"The Chief of the Weather Bureau, under the direction of the Secretary of Agriculture, shall have charge of forecasting the weather; the issue of storm warnings; the display of weather and flood signals for the benefit of agriculture, commerce and navigation; the gaging and reporting of rivers; the maintenance and operation of seacoast telegraph lines and the collection and transmission of marine intelligence for the benefit of commerce and navigation; the reporting of temperature and rainfall conditions for the cotton interests; the display of frost, cold wave, and other signals; the distribution of meteorological information in the interest of agriculture and commerce and the taking of such meteorological observations as may be necessary to establish and record the climatic conditions of the United States, or are essential for the proper execution of the foregoing duties."7

These functions are classified as the following activities:

(a) Weather reporting and forecasting.

(b) Climatological work.

(c) Marine meteorology.

(d) Agricultural meteorology.

(e) Aerology.

(f) Reporting effects of weather on highways.

(g) Reporting and forecasting river stages.

(h) Solar radiation studies.

(i) Maintaining and operating telegraph lines.10

(j) Instruments equipping and testing.

(k) Evaporation observations at 55 stations.

(1) Meteorological physics.

(m) High altitude snowfall surveys.

6 Report of Signal Officer of United States Army, 1873.

7 Act Oct. 1, 1890, §§ 1, 3, 9 (26 Stat. 653), and section 4, as amended by Resolution of July 8, 1898, No. 57 (30 Stat. 752).

8 See Bigelow, F. H., Work of the Meteorologist for the Benefit of Agriculture. Department of Agriculture, Yearbook 1899, pp. 71-92. Hermann, C. F. von, How Farmers may Utilize the Special Warnings of the Weather Bureau. Department of Agriculture. Yearbook 1909, pp. 387–398.

9 Act June 30, 1914 (38 Stat. 415, 417); Act May 12, 1917 (40 Stat. 43).

10 These lines are to communicate with isolated stations not reached by commercial lines.


4. Organization



The Chief of the Weather Bureau, Assistant Chief, and Chief Clerk, supervise the following divisions:

(a) Administrative and Scientific Division.-Stations and Accounts Division.11 "This division transacts all business relating to the finances of the bureau; audits, adjusts, and prepares for payment all accounts and claims against the bureau; prepares advertisements; issues transportation requests; and supervises the construction and repair of Weather Bureau buildings outside of Washington." Head, Chief of Divisions of Stations and Accounts, Weather Bureau, Department of Agriculture, Washington, D. C.

(b) Supplies Division.-"This division purchases and issues the supplies of the bureau both in Washington establishment and at the stations, and is charged with the safe-keeping of all property belonging to the bureau." Head, Chief of Supplies Division, Weather Bureau, Department of Agriculture, Washington, D. C.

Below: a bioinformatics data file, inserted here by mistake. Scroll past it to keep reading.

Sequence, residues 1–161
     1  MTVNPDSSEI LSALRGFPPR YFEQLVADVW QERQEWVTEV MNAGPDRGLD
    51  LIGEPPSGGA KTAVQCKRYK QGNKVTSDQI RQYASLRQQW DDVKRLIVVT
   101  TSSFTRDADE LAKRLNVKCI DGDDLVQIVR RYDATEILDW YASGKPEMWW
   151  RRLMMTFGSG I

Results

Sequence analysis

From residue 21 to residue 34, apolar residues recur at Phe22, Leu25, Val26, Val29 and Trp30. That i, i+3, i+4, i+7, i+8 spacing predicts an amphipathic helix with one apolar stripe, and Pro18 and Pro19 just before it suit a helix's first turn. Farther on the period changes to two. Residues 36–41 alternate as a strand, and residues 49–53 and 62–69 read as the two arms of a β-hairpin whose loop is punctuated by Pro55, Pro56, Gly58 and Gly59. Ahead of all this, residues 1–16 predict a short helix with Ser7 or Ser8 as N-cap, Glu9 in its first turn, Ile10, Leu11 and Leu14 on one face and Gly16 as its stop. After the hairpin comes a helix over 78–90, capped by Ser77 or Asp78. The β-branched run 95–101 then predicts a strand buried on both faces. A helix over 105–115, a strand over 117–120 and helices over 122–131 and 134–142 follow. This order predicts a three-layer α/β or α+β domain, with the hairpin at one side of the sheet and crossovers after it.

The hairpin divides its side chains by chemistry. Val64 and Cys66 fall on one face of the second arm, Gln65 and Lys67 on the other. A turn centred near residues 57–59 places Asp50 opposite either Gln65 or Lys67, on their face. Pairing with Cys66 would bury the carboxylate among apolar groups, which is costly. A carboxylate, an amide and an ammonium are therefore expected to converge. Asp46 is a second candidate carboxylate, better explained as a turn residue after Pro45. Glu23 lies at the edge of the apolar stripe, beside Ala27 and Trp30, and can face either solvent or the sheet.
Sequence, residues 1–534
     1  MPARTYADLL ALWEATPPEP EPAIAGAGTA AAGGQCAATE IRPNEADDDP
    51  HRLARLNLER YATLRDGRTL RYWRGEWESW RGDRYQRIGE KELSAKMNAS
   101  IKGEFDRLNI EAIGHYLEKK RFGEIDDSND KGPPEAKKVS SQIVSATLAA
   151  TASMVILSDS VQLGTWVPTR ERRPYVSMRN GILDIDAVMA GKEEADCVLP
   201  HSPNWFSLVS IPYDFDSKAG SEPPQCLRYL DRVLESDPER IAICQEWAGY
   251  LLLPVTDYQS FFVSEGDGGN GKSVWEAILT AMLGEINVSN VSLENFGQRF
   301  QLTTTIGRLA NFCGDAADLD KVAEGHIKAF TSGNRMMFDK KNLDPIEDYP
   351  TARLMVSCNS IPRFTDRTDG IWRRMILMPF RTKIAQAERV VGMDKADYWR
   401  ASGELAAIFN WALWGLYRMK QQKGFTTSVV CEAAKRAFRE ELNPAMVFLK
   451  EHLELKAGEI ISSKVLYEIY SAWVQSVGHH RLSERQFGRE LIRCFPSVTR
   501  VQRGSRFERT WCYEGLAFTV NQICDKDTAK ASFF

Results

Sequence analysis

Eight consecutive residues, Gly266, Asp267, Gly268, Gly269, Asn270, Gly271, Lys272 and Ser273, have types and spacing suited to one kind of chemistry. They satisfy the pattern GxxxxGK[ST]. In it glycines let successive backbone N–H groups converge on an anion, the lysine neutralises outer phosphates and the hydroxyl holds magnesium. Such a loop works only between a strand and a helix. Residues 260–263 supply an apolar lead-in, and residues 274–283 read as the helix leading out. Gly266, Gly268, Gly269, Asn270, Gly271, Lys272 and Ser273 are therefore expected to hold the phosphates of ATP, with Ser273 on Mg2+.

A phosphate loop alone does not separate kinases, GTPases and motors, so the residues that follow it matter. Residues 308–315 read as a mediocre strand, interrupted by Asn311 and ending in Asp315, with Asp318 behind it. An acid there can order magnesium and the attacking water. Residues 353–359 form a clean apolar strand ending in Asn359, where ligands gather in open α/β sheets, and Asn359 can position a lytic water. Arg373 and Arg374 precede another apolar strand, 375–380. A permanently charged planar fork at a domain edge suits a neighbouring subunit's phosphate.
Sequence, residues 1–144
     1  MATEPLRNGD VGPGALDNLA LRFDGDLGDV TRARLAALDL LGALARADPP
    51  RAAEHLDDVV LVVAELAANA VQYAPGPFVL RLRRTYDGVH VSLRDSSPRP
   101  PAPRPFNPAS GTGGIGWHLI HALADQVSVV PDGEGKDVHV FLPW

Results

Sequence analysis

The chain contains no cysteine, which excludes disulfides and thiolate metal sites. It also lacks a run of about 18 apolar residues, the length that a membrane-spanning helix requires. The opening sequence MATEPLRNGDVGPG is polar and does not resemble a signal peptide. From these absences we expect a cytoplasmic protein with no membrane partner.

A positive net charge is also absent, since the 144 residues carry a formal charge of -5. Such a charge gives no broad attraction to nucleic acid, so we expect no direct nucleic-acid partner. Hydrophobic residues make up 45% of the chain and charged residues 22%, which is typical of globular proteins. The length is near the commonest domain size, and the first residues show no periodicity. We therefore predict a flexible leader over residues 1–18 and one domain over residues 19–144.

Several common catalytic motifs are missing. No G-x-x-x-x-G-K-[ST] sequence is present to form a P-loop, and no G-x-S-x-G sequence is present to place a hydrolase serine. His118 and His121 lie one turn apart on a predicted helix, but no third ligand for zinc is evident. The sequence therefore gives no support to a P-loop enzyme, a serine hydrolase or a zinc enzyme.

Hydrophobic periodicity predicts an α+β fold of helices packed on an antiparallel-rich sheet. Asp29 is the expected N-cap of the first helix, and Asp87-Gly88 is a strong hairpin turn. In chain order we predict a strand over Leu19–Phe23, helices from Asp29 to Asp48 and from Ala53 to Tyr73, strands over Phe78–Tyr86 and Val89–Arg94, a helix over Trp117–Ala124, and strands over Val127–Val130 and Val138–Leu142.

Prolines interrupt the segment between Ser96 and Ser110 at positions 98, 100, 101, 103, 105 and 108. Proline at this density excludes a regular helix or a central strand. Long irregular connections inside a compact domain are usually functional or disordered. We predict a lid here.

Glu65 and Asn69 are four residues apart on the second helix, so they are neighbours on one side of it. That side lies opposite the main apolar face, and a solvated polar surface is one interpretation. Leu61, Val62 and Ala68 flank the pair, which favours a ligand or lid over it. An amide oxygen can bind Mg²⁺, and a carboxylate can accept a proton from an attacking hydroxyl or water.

(c) Printing Division.-"This division prints and mails the daily weather map, the Weekly Weather and Crop Bulletin, the Weekly Snow and Ice Bulletin, and the various charts and miscellaneous printed matter pertaining to the bureau, and has the custody of and distributes station forms." Head, Chief of Printing Division, Weather Bureau, Washington, D. C.

(d) Telegraph Division.-"This division receives, transmits, and records all telegrams to and from the central office, supervises the telegraph work performed at field stations, arranges telegraph circuits, maintains and repairs Weather Bureau telegraph lines and submarine cables, and examines all telegraph and field telephone accounts." Head, Chief of Telegraph Division, Weather Bureau, Department of Agriculture, Washington, D. C.

(e) Library. "The library, containing the world's largest and most complete collection of meteorological publications, includes standard works of reference, complete file of the publications of meteorological and climatological services in all parts of the world. It contains a catalogue, prepared in the library, of the meteorological contents of all the principal scientific periodicals of the world, including proceedings and transactions of societies. Translations from foreign. languages, required in the bureau, are made in the library." Head, Librarian, Weather Bureau, Department of Agriculture, Washington, D. C.

(f) Office of the Editor.-"This office has general editorial supervision over semiscientific papers submitted for publication by the bureau, calling attention to such of these as seem appropriate for the Monthly Weather Review, for the Journal of Agricultural Research, newspapers, etc.; it prepares summaries, indexes, abstracts, and notes concerning the progress of meteorological science; and it edits and supervises the publication of the Monthly Weather Review." Head, Editor, Editorial Division, Weather Bureau, Department of Agriculture, Washington, D. C.

11 See Institute for Government Research, Service Monograph No. 9, 1922, pp. 38-44, for quotations in sections (a)-(p).